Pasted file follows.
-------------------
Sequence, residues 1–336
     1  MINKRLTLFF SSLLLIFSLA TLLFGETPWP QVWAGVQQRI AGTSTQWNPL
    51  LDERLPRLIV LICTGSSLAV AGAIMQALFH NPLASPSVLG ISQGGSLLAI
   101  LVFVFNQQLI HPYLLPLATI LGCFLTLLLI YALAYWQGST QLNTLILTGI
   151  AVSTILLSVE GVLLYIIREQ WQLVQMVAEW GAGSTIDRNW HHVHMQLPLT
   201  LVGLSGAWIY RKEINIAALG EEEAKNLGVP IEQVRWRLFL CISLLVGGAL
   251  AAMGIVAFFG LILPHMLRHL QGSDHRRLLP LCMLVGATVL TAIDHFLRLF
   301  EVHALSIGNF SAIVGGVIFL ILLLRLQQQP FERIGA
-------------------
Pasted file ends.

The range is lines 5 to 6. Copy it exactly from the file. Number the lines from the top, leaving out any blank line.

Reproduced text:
   151  AVSTILLSVE GVLLYIIREQ WQLVQMVAEW GAGSTIDRNW HHVHMQLPLT
   201  LVGLSGAWIY RKEINIAALG EEEAKNLGVP IEQVRWRLFL CISLLVGGAL